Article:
The Prepared Pantry: A 3 Month Food Supply | PreparednessMama
How to Wax Cheese for Long Term Storage | Perky Prepping Gramma
Dispelling the Canned Food Expiration Date Myth | Self Sufficient Man
6 Canning Myths You Must Know | Melissa K. Norris
How to Dehydrate Cherries | Mom With a PREP
How to Dehydrate Milk for Long Term Storage | Perky Prepping Gramma
Survival Tips from the Great Depression | Self Sufficient Man
The 5 best crops for Self Sufficient Gardeners | Our Stoney Acres
Butchering a chicken | The Homesteading Hippy
Self-Sufficiency Simplified | Blue Jean Mama
3 Small Livestock Preparedness Tips | Timber Creek Farm
Essential Oils for Preparedness | Mama Kautz
Farm First Aid Preparedness | Timber Creek Farm
72-Hour Kits or Bug Out Bags
How to Build a 72-hour Go Bag | Blue Yonder Urban Farm
How to Make a 72 Hour Emergency Kit | Mom with a PREP
Build Your Dollar Store B.O.B. for your Car in minutes! | Simply Living Simply
10 Essential Oils You Need in Your B.O.B. and at Home | Blue Jean Mama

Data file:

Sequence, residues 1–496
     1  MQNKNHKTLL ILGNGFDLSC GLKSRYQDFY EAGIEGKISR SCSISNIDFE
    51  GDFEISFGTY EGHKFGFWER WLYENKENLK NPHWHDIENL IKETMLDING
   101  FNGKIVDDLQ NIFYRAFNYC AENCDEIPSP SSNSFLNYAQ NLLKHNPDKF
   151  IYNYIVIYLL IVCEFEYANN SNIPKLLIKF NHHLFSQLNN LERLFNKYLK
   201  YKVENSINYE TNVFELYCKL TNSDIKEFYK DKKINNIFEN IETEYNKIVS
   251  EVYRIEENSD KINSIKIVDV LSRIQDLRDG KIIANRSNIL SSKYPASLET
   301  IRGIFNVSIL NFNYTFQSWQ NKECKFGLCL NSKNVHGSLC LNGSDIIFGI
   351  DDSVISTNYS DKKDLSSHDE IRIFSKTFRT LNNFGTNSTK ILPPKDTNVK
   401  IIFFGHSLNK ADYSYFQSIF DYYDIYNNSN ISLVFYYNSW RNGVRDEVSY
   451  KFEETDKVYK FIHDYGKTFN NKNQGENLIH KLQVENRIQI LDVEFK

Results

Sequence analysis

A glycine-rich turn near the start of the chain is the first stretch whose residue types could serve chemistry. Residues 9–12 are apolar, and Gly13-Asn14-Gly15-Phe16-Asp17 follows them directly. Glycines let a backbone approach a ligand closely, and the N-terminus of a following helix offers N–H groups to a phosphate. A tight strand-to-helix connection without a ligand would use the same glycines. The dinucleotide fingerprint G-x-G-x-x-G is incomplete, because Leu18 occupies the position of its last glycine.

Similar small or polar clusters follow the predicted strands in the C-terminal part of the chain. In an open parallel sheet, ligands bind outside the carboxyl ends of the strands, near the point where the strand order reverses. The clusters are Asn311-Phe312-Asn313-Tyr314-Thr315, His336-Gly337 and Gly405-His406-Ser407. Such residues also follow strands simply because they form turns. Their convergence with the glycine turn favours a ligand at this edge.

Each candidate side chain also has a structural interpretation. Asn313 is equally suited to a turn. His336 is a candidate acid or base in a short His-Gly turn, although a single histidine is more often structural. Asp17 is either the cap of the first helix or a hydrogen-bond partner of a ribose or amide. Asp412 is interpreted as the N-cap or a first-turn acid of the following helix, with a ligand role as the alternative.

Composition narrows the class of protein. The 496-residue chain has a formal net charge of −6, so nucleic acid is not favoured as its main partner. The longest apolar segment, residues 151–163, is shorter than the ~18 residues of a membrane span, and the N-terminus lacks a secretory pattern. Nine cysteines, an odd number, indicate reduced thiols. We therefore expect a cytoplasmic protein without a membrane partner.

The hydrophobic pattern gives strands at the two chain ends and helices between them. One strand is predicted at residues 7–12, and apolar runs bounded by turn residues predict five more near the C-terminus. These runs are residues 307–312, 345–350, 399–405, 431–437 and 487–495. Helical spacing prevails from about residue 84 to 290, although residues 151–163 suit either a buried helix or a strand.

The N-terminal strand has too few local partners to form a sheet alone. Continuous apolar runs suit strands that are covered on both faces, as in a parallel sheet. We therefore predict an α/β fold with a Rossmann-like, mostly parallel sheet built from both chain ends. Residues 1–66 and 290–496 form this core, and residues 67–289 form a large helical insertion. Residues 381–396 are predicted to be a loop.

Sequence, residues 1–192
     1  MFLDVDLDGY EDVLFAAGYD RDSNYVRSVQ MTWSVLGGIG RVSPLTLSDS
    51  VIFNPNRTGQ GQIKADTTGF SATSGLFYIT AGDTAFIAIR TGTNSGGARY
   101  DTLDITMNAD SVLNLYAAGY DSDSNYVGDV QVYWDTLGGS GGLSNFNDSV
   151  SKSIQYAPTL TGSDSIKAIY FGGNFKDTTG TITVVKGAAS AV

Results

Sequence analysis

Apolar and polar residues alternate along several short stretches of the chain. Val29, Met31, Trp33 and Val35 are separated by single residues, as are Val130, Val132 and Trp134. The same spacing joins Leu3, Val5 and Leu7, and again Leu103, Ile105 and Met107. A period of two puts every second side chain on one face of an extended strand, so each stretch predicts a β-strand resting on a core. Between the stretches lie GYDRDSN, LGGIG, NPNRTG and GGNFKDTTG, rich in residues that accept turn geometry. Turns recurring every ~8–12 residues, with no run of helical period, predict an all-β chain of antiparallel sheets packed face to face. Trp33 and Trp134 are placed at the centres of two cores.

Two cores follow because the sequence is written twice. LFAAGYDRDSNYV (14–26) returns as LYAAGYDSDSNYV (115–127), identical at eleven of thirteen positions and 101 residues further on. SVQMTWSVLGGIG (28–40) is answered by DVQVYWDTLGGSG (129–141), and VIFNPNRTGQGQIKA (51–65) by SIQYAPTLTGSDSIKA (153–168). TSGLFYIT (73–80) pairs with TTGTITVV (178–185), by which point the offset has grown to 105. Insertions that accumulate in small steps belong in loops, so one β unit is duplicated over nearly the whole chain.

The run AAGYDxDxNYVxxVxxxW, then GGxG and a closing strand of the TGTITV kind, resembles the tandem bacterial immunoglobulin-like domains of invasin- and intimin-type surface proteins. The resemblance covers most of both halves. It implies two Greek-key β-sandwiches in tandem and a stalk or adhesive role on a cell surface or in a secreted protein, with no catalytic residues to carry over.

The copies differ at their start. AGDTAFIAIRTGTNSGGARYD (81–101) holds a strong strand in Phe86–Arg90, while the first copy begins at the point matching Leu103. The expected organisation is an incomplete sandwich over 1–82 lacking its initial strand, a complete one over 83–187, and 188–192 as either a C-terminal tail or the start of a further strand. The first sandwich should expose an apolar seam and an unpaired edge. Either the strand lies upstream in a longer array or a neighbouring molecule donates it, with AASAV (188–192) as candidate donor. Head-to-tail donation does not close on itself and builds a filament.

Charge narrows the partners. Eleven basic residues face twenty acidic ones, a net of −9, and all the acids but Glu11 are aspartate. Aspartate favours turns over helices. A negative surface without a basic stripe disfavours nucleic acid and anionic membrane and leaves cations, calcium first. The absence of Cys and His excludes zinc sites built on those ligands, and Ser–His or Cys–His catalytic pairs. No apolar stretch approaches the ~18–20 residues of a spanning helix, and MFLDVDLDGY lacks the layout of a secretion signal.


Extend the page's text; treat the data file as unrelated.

10 Must-Have Herbs for Your B.O.B | Simply Living Simply
5 Things New Moms Can Do to Prepare for Disasters | PreparednessMama
Trauma Essentials for the Prepper | The Prepared Ninja
Emergency Preparation for Those Who Are Disabled or Elderly | A Matter of Preparedness
10 Most Important Items a Female Prepper Should Have | Living Life in Rural Iowa
How to Prepare Your Car for Winter | Frugal Mama and the Sprout
How to Prepare For a Power Outage | Blue Yonder Urban Farm
Why Natural Health, Exercise and Whole Foods Play a Role in Survival | Trayer Wilderness
Getting Started With Water Storage | The Backyard Pioneer
10 Totally Free Prepping Things to Do | Living Life in Rural Iowa
21 Prepper Tips I Wish I’d Heard Before I Started Prepping | Urban Survival Site
Is Homesteading Like Prepping? | The Homesteading Hippy
What You Should Consider When Fire Is A Threat | Trayer Wilderness
11 Ways to Cook Off-Grid | Melissa K. Norris
Karen Coghlan says
So many times when we think about preparing we forget about the elderly and the very young, thank you for such a well thought out post… It’s September National Preparedness month once again… Great reminders…